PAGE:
People need protection for everything in their lives – from cars and homes to information contained within company computer systems. Security specialists aim to defend these computer networks against potential cyber attacks.
Professionals performing penetration testing, identifying vulnerabilities and installing preventive software are engaged daily in daily tasks that include penetration testing, vulnerability identification and preventive software installation. They also serve as frontline responses to active threats.
Network Device Integrity Analysis
Security specialists use digital technologies to monitor computer networks for security threats and unauthorized access, using strong analytical skills and reacting quickly in response to cyberattacks that disrupt company data systems. Demand for cybersecurity specialists continues to rise and this career option can be highly rewarding with the right qualifications.
Qualifications of cybersecurity specialists depend on your industry. Commonly required qualifications include a bachelor’s degree in information technology, cybersecurity or related discipline and certification. You may also consider enrolling in a cybersecurity master’s program to expand your knowledge and enhance your career goals.
Network security specialists’ job duties involve analyzing log files and other types of data to detect risks and threats to business IT systems. Furthermore, they must analyze penetration test results in order to detect weaknesses within networks, while staying abreast of attacks that threaten them as well as current threats that threaten customer privacy and employee data protection. Detecting and responding appropriately are among their core responsibilities as are responding quickly when any unauthorized activity threatens either.
Network security specialists have the responsibility of assuring both hardware and software are intact. This involves scanning new hardware for malicious code before it enters the network, verifying firmware is valid in its supply chain and tracking any undiagnosed firmware events arising in response to security incidents or attacks.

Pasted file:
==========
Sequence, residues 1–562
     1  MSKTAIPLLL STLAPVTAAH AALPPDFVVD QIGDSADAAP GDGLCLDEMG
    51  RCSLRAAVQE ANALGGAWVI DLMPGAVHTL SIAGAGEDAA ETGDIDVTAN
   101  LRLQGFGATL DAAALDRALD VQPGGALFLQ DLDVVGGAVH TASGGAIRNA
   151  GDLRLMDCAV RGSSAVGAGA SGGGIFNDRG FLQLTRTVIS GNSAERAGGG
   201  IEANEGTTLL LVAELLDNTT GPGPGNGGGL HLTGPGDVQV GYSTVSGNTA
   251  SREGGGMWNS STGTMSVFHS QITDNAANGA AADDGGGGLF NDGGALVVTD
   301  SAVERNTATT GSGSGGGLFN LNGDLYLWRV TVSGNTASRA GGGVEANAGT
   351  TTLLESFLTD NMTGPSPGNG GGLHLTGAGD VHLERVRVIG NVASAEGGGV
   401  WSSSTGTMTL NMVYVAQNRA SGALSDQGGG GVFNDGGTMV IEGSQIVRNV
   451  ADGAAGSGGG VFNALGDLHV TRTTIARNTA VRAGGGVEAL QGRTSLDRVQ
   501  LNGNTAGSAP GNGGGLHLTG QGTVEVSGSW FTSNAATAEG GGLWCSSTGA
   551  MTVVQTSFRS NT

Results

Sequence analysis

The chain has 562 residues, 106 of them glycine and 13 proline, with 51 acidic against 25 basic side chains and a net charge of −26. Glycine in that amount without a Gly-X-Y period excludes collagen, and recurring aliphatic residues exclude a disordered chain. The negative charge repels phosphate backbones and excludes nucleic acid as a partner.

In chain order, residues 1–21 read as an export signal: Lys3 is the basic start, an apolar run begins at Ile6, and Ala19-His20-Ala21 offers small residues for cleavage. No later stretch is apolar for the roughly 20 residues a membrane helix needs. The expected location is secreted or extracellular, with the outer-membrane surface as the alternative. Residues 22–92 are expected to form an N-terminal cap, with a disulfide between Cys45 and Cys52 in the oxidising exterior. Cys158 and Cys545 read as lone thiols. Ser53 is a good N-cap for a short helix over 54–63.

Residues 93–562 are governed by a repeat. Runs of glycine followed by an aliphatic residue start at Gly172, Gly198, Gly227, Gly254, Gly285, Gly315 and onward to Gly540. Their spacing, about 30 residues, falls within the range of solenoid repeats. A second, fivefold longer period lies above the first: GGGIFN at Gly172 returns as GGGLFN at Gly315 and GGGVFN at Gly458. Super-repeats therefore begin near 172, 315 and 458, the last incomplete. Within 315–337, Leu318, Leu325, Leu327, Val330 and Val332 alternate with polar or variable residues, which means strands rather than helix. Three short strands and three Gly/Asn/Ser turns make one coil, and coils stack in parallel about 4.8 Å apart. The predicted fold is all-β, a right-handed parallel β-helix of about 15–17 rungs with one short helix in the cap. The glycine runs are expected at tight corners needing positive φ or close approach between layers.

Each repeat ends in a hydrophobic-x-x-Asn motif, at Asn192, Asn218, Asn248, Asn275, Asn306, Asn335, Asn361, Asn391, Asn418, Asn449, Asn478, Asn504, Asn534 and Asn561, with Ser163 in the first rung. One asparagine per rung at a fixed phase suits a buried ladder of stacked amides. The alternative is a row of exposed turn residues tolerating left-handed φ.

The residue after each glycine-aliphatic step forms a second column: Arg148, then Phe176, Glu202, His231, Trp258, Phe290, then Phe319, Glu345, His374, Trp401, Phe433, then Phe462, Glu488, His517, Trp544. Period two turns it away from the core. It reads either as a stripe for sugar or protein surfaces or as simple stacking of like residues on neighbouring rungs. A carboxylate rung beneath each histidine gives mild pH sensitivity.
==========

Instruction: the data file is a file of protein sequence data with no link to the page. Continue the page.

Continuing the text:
Security specialists play an integral part in CND hunting and incident responding. Their task requires them to collect, process, analyze and record telemetry of network device indicators of compromise (IOCs) such as domains, Uniform Resource Identifiers and certificates in real-time for real-time CND detection analysis.
An exciting and rewarding career as a network security specialist awaits. To enter this field, apply for security specialist positions with employers looking for those with the required qualifications, volunteer for security-related projects or participate in cybersecurity internships, gain experience through volunteering or even obtain certification such as CompTIA PenTest+ which demonstrates your knowledge in penetration testing and vulnerability management.
Intrusion Detection System (IDS) Analysis
An IDS (intrusion detection system) plays an integral role in network security by monitoring activity within a system and detecting potentially malicious attacks at an early stage, giving organizations time to react swiftly before it spreads throughout their entire network. IDSs can be divided up according to how they detect threats as well as what sources they rely on when looking for suspicious activity.
Host-based IDS (HIDS) detect data coming from host systems and audit logs on host computers, including operating system logs, window server logs, firewall logs, application system audit logs, database logs etc. Additionally, these IDSs can identify insider attacks without network traffic being involved (Creech & Hu, 2014a).
James Anderson at the U.S. Air Force developed the first intrusion detection system (IDS) in 1980 using anti-virus techniques to scan network data against known threats. Since then, IDSs have advanced significantly with increasing malware threats on computers.
IDSs can be divided into two broad categories based on how they detect intrusions: signature-based and anomaly-based. Signature-based IDSs compare network activity against known threats in order to detect suspicious activity, with this type often leading to false positives due to constant malware development being mistaken as normal activity by IDSs.
Anomaly-based IDSs use machine learning to develop a model of trustful activity and then flag any deviation from it as suspicious activity. While this approach can be effective at detecting malware attacks, it also generates many false positives that consume valuable IT resources in terms of investigating non-malicious activities that were mistakenly flagged as suspicious.